For any UFD $R$, the concept of a primitive polynomial (gcd of the coefficients is 1) makes sense in $R[x]$. The product of two primitive polynomials is primitive (Gauss's Lemma), and certainly 1 is a primitive polynomial, so the primitive polynomials form a multiplicative subset $S$ of $R[x]$ - hence we can form the ring $S^{-1}R[x]$. What can we say about it? What does this look like geometrically?


2 Answers 2


A prime ideal of $S^{-1}R[X]$ is the extension of a unique prime ideal of $R$, so that the morphism $Spec(S^{-1}R[X])\to Spec(R)$ is a bijection, and even an homeomorphism. All the extensions of residual fields induced are pure transcendental of transcendence degre $1$.

As an example, if you look at the case $R=\mathbb{Z}$, the morphism of schemes you get "puts in family" the extensions of fields $\mathbb{F}_p\hookrightarrow\mathbb{F}_p(X)$.

  • $\begingroup$ In the first sentence, I think you mean "A prime ideal of S^{-1} R[X] is generated by elements of R". In fact, you could say that every ideal of S^{-1} R[X] is the extension of a unique ideal of R. This would show you that the map between spectra is a homeomorphism. $\endgroup$ Jan 5, 2010 at 1:40
  • $\begingroup$ Yes of course ! Thanks for pointing out the inaccuracy ! $\endgroup$ Jan 5, 2010 at 1:42
  • $\begingroup$ Thanks for the explanation! I'm still a novice with schemes, but I think I get the gist of your answer. Let me see if I understand the argument: Let $\phi:R[x]\rightarrow S^{-1}R[x]$ be the canonical map (injective since $R[x]$ is an integral domain). Because $R[x]$ is a UFD, every polynomial factors uniquely into a product of irreducibles of $R[x]$, which are either irreducibles of $R$ or irreducibles $f\in R[x]$, $f\notin R$. Each irreducible $f\in R[x]$, $f\notin R$ is necessarily primitive, so that $\phi(f)$ is a unit in $S^{-1}R[x]$. $\endgroup$ Jan 5, 2010 at 7:07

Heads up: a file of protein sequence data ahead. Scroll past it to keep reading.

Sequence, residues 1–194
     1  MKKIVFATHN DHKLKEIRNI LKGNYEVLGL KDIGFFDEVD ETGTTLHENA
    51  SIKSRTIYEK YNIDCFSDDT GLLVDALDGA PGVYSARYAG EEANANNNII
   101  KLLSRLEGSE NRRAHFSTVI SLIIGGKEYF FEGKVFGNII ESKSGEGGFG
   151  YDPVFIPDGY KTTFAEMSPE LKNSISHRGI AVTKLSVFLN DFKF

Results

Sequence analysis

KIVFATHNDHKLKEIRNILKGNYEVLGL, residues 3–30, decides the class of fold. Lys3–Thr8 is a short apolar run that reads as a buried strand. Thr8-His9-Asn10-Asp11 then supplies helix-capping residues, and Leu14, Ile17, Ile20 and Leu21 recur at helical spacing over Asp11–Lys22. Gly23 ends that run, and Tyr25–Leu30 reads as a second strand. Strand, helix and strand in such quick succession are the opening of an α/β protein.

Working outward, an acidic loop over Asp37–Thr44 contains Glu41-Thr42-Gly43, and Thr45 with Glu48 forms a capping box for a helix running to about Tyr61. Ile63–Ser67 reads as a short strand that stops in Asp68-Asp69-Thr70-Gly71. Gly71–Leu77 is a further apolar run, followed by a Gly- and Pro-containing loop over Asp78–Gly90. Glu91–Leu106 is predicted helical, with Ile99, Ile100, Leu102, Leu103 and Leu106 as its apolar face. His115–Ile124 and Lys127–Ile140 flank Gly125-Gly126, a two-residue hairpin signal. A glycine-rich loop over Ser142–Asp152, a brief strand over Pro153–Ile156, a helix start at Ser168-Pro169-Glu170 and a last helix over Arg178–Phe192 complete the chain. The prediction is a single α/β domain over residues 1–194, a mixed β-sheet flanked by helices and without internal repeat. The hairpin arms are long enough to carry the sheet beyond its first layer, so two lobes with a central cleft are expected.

• $\begingroup$ Thus, for $I\subset R[x]$ an ideal, $S^{-1}I$ is generated in $S^{-1}R[x]$ by $\phi(I)\cap R$ (where we have identified $R$ with $\phi(R)$). Thus, $S^{-1}I$ is the is the extension of the ideal generated in $R$ by $\phi(I)\cap R$, and the injectivity of $\phi$ shows that this is the only ideal of $R$ which $S^{-1}I$ is an extension of. Finally, the fact that preimages of prime ideals are prime and that extension of a prime ideal is its image under $\phi$, establishes the bijection. $\endgroup$ Jan 5, 2010 at 7:07
  • $\begingroup$ So, this answer definitely depends heavily on $R$ (and hence $R[x]$) being a UFD, especially with "each irreducible $f\in R[x]$, $f\notin R$ is necessarily primitive". Out of curiosity, any ideas on the case of non-UFD $R$? $\endgroup$ Jan 5, 2010 at 7:08

Google "Kronecker function ring". This is the germ of the idea behind Kronecker's divisor theory. An elementary historically-minded introduction can be found in Harold Edward's book "Divisor Theory".


Your Answer

By clicking “Post Your Answer”, you agree to our terms of service, privacy policy and cookie policy

Not the answer you're looking for? Browse other questions tagged or ask your own question.